Pure nonsense about the secrets of water on national Danish TV

By Peter C Gøtzsche

9 Dec 2022

Many alternative practitioners claim that the water in homeopathic drops can remember what was once in it, even though there isn’t a single active molecule left after all the dilutions. In 2019, national Danish TV broadcast similar nonsense in the programme, “The secrets of water,” under the heading Nature, Science and Technology.

It was claimed that water flowing past a closed container of “Grander water” extracted from a mountain spring in the Alps can render the water more orderly and a better cleaning agent. The miraculous alp water, which is sold in a household version for the handsome sum of €1000, defies the 2nd law of thermodynamics, which states that the entropy (the degree of disorder) in a closed system will always increase with time unless you add energy to the system.

Some Germans claimed that with the power of thought you can influence water in a closed container several thousand kilometers away. This was documented by graphs that ran roughly in parallel until people started thinking about the container. Then the graphs diverged, quite considerably so.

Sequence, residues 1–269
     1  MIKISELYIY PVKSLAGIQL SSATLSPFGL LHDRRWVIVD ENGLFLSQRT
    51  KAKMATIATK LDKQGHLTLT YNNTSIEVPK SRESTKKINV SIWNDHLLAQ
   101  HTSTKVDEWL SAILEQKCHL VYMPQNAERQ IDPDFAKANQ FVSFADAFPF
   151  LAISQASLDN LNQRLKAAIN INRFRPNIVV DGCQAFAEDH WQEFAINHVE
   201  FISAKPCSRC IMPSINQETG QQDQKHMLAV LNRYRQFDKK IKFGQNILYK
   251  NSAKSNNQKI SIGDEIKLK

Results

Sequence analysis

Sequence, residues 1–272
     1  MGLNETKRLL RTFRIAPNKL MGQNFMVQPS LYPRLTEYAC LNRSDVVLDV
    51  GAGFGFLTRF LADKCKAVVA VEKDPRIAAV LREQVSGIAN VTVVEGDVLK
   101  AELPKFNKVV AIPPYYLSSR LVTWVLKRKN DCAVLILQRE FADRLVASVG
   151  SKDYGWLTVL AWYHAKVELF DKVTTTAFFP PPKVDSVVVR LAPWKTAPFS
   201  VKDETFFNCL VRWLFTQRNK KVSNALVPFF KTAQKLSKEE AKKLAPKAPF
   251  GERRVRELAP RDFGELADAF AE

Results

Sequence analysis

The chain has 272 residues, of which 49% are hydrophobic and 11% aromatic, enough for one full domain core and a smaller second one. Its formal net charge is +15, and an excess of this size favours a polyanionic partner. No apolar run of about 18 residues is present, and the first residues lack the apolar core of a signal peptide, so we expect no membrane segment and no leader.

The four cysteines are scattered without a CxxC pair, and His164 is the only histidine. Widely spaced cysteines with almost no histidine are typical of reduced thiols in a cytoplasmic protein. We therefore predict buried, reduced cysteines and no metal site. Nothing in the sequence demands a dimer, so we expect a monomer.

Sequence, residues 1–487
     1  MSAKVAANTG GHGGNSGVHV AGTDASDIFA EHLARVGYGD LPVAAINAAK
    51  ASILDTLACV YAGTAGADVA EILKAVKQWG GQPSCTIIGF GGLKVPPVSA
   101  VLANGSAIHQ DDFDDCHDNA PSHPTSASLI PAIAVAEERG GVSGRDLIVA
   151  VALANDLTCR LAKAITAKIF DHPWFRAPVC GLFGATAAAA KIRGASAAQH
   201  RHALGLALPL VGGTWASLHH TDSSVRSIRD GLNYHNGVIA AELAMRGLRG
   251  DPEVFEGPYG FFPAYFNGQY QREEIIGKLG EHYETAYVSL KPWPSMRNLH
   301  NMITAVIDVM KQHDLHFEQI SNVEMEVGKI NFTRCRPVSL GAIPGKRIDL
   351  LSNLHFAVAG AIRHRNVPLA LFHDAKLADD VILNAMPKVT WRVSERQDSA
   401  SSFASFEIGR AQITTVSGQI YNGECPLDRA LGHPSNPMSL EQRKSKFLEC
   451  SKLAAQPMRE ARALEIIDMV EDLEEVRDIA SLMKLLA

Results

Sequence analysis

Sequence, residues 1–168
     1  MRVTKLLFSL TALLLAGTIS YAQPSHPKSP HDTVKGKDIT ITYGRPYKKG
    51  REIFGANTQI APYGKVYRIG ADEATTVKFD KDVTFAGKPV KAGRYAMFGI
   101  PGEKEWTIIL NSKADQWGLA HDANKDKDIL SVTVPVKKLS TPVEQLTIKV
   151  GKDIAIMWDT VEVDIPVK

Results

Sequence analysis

In the broadcast, there were interviews with Danish researchers who came up with some generalities that if this were true, the perceptions in the natural sciences would need to be revised. Sure, and if one day we saw a man from space kidnapping people from Earth and transporting them away in a spaceship, so-called alien abduction, there is also something we need to revise.

Science is under attack. It is not helpful that national TV stations, whose economy all citizens need to contribute to involuntarily, publishes utter nonsense under the guise of scientific credibility. The astrophysicist Carl Sagan wrote a whole book about popular nonsense, The Demon-Haunted World: Science as a Candle in the Dark. We should take care that this candle does not get blown out.